Ever since Anonymous and LulzSec proved that cybercriminals could achieve celebrity status on the web, there has been a consistent stream of hackers trying to make a name for themselves by disrupting the operations of high-profile companies. The latest addition to this list is "r00tbeer," a four-man team which arrived on the scene after successful intrusions of computer chip maker Advanced Micro Devices (AMD) and Dutch electronics giant Philips.
A basic breach
The group signaled its intentions last week on its newly created Twitter feed, suggesting that its next target would be a "large company." The hackers made good on their promise by taking AMD's company blog offline and stealing a database full of staff information. According to eWeek, r00tbeer stamped its success by leaving an original logo on the compromised AMD webpage as well as a link to a tweet that provided further news on where the stolen data would be dumped.
In the immediate aftermath, the company posted a message suggesting that the blog site was being taken offline for routine maintenance before ultimately shutting down the site.
"We believe that the attackers posted less that 200 registered usernames and salted password hashes to a hacker website," AMD officials explained in a statement emailed to eWeek. "AMD uses salted password hashes, which is an industry best practices for encryption and extremely difficult to crack."
Company spokesmen also insisted that no customer data, personal information or employment records where stored anywhere on the compromised website and that AMD would fulfill its commitment to data security and privacy by launching a full investigation into the matter.
According to ZDNet, the WordPress platform powering AMD's company blog may have been its saving grace in this instance. In 2007, WordPress made the switch from storing passwords as unsalted MD5 hashes to a more robust hashing framework called phpass. As a result, decrypting and retrieving plain text passwords from a database dump would be a much more labor-intensive task for hackers.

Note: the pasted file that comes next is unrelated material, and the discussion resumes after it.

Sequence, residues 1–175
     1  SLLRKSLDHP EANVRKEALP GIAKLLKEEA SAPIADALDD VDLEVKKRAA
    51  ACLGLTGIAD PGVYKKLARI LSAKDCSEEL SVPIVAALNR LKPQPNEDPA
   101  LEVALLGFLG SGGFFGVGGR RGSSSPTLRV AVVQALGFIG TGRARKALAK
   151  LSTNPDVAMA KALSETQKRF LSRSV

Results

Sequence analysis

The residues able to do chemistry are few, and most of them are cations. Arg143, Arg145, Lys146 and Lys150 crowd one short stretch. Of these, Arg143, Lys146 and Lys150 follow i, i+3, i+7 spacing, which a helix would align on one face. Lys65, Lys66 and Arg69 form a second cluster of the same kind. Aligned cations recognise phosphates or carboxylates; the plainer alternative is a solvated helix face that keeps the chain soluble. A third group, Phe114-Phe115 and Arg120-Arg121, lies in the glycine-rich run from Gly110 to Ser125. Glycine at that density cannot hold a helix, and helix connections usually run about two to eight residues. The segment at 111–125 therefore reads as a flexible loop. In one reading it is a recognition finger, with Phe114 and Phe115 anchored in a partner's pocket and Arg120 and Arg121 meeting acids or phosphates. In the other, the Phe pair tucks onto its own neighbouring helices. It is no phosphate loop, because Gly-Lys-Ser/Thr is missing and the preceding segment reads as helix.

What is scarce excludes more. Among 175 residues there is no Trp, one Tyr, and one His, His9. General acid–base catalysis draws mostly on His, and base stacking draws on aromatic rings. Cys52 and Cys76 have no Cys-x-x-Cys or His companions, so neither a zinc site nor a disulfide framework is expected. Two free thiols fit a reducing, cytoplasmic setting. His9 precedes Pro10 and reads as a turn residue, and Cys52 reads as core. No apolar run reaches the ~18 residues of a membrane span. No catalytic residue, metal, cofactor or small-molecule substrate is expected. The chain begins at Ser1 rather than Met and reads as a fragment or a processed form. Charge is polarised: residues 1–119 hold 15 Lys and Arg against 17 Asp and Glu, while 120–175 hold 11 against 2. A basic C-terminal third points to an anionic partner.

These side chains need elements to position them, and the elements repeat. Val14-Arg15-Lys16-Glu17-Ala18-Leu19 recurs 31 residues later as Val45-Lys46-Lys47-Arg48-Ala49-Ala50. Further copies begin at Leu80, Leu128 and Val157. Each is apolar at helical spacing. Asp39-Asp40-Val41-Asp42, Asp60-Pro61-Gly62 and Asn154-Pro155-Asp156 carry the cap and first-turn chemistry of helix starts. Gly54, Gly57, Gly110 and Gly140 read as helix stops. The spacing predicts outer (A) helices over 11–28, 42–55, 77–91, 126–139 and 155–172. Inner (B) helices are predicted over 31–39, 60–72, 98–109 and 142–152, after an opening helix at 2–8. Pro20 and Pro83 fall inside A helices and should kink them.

A more elaborate attack
Although the AMD attack may have been a rather trivial incident, r00tbeer found a more vulnerable target with its strike on Philips. According to TechWeek Europe, the hackers cracked the code to company databases and eventually posted nearly 200,000 email addresses. They also made off with seven SQL tables containing customer names, home addresses, birthdays and account passwords.
Perhaps most troubling, much of this information had been stored in plain text. For instance, the email addresses of approximately 350 Italian customers who recently purchased TVs from Philips had their email addresses and passwords posted in clear view in the database dump.
As one independent security analyst found out, even some of the data sets that contained hashed passwords were not impenetrable. According to TechWeek, the white hat hacker successfully decoded nearly 150 passwords within two minutes by using basic software and guessing popular combinations including "1234," "qwerty," and "philips."
The electronics manufacturer was able to mitigate short-term concerns by revealing that much of the information posted via r00tbeer was likely the same data from an earlier breach of Philips' systems in February. But according to TechWeek, data protection experts are still wondering why customer records were being stored on certain company micro-sites and how they were left without the benefit of the industry best practice encryption model of salted hashes.
Although r00tbeer's motives are still unclear and its initial foray into high-profile hacking yielded relatively tame results, the group's success is yet another reminder that even some of the world's largest and most technically proficient companies still have room for improvement when it comes to locking down employee and customer data.
Data Security News from SimplySecurity.com by Trend Micro